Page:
Film Photography

35mm f/2.8 SMC Pentax-A

The 35mm f/2.8 SMC Pentax-A is one of my favorite workhorse lenses.

I have any number of terrific 50mm lenses for the three SLR systems I use (Pentax, Nikon, and Olympus). For my Pentax SLRs in particular, my 50mm f/1.7 SMC Pentax-M lens is superb. But when I’m on the street photographing the built environment, as I’m wont to do, 50mm is often too constraining. I usually have to stand in the street to put my subject fully in the frame. Sometimes the building behind me blocks me from backing up enough.

This looks like a job for a wide-angle lens!

First I tried the 28mm f/2.8 SMC Pentax-M lens that came with one of the old SLRs I bought along the way. It’s optically very good, and it let me fill the frame with my subject in most cases. But the exaggerated perspective inherent in any wide-angle lens was sometimes too much, making my subjects look strange, even grotesque.

I bought this 35mm f/2.8 SMC Pentax-A to see if it would ease the perspective exaggeration while still fitting enough in the frame. The SMC Pentax-M version of this lens would have been a good choice, too — it is optically identical. None my Pentax bodies support the program and shutter-priority modes that the A lenses enable anyway. I just happened to find this SMC Pentax-A version first at a price I was willing to pay.

With six elements in six groups, this lens is wonderfully sharp and free from distortion. It’s also incredibly compact — almost, but not quite, a pancake lens. Paired with a small SLR body like my Pentax ME, this lens makes a light and easy-to-handle kit.

Not long ago I extolled the virtues of a compact short zoom for built-environment photography. I stand by those words! Unfortunately, Pentax never made such a lens. Their most compact short zoom was the 35-70mm f/4 SMC Pentax-A, but it’s nowhere near as small or light as similar offerings of the day from Nikon or Canon. I own one but use it only occasionally.

The reasons I use this lens put me in daylight most of the time, so its f/2.8 maximum aperture is fine. For those who need extra aperture margin, Pentax also made a 35mm f/2 lens in the SMC Pentax-A and -M series. It’s a less compact than this 35mm f/2.8, but there’s always a tradeoff, isn’t there?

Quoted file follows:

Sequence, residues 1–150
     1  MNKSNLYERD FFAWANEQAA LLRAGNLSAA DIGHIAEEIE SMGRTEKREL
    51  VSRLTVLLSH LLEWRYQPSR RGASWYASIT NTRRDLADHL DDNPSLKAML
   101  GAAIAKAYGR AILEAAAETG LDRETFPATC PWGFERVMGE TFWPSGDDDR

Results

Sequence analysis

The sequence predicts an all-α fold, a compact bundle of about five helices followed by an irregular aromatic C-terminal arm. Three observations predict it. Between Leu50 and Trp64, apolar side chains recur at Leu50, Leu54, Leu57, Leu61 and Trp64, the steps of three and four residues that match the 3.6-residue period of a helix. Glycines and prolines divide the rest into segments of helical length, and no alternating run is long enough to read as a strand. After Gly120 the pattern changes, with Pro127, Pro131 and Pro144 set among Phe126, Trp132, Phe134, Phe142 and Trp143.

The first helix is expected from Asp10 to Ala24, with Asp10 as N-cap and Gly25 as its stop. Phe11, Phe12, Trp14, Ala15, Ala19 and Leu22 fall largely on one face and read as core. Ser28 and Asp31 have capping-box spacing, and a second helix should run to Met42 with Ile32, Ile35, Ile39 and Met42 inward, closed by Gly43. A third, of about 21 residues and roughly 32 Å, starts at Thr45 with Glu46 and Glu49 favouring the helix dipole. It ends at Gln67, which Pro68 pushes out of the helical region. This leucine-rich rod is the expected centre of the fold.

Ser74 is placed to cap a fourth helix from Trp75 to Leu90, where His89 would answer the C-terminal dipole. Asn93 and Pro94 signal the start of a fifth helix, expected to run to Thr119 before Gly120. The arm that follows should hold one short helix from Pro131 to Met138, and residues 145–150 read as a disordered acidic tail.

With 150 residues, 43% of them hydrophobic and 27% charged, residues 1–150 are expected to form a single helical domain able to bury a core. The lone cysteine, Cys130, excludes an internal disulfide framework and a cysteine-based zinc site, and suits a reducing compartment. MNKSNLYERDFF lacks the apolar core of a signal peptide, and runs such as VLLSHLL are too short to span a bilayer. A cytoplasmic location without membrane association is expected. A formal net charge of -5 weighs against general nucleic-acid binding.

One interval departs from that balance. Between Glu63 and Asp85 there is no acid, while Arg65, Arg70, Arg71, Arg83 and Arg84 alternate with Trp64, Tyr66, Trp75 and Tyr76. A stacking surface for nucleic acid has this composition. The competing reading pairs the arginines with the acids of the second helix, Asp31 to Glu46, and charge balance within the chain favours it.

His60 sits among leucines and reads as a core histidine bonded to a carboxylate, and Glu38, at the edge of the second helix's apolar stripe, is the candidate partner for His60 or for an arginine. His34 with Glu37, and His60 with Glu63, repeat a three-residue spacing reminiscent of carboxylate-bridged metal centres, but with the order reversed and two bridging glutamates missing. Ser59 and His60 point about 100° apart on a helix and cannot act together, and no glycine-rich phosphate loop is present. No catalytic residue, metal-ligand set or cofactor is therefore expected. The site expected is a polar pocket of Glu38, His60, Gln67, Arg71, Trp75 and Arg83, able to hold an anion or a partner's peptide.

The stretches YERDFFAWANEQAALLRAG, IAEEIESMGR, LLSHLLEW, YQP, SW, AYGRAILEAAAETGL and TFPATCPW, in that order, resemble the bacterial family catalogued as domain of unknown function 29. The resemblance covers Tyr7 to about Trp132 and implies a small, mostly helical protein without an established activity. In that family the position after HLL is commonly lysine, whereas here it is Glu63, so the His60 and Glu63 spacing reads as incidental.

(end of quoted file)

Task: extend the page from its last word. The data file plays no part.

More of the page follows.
These images show this lens’s good optical qualities. I applied some perspective correction on the first image to correct keystoning created when I pointed the camera up a little to fit the brutalist building in the frame. Otherwise, my post-processing was limited to color and contrast adjustments.

Minton-Capehart Federal Building, Indianapolis
Pentax ME, Agfa Agfaphoto APX 100 expired 7/1998
On St. Clair St.
Pentax ME, Agfa Agfaphoto APX 100 expired 7/1998
House on the Canal
Pentax ME, Fujifilm Superia X-tra 400 at EI 200
Federal Courthouse
Pentax ME, Film Washi S

I love it that I can move in reasonably close to details with this lens and if I get any perspective distortion, it’s minimal. A 28mm lens yields results up close that remind me of a funhouse mirror.

Oh my gourd
Pentax KM, Fujifilm Superia X-tra 400
2022-08-07-0027 proc
Pentax ME SE, Kosmo Foto Agent Shadow, HC-110 Dilution B/i
Perrin Historic District, Lafayette, IN
Pentax ME, Fujifilm Superia X-tra 400 at EI 200

It’s easy to create a little drama with wider apertures. This 35mm f/2.8 SMC Pentax-A lens is no exception.

Second Presbyterian Church, Indianapolis
Pentax ME SE, Kosmo Foto Agent Shadow, HC-0110 Dilution B
Perrin Historic District, Lafayette, IN
Pentax ME, Fujicolor 200 at EI 100
Bridge on State Road 225
Pentax ME, Fujifilm Superia X-tra 400 (at EI 200)
Underpass
Pentax ME SE, Kosmo Foto Agent Shadow, HC-0110 Dilution B

This lens delivers a smooth blurred background when aperture and shutter speed are right. I’ve never pushed it to the limit to see if I get little hexagons or circles in the background light, but when I want to do that I’m reaching for a nifty fifty anyway.

Lanyards
Pentax KM, Fujifilm Superia X-tra 400
At the site of the Battle of Tippecanoe
Pentax ME, Fujifilm Superia X-tra 400 at EI 200

I’ve used this lens for casual portraits, too. When I mean to make portraits I reach for my long lenses. But when this 35mm lens is on the camera and I want to make a portrait, it works well enough.

Damion
Pentax ME, Fujifilm Superia X-tra 400 at EI 200

These are the reasons why the 35mm f/2.8 SMC Pentax-A lens is my choice when I’m doing my usual documentary work with one of my Pentax SLR bodies. It lets me travel light while always delivering terrific results.

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8 thoughts on “35mm f/2.8 SMC Pentax-A

  1. Andy Umbo says:

    Love the 35mm lens…I have the 35mm f2.8 M, and in screw mount, the 35mm f 3.5, an exceptional lens! To your point, even professionally, the 28 mm has always been a “meh” lens for me. Too “distorty” for some subjects, not wide enough for others…35 is perfect…

  2. I have the slower Super Takumar M42 35mm/f3.5 as well. It’s a beauty of a lens that I got for next to nothing. Those are some great shots Jim! How are you getting on with the Washi S? I know it’s not everyone’s cup of tea, but your shot with it looks great to my eyes!

    • I shot only one roll of the Washi S and I thought it was interesting. I remember shooting it in broad daylight and then reading it’s better in diffuse light. I don’t know that I’ll buy it again as I’m working on settling in on the stocks I use all the time. But if I do I’ll look for a cloudy day.

      • I know that I use it incorrectly as I go for the really high contrast look most of the time, but I haven’t had good luck using Washi S in low or subdued light conditions. But hopefully you’d have better results under those conditions.

  3. I have the thorium yellow version. :D Not only good for 35mm, but a near ‘normal’ lens on APS-C. I like it on the K100 for imitating 1960s colour film shots.

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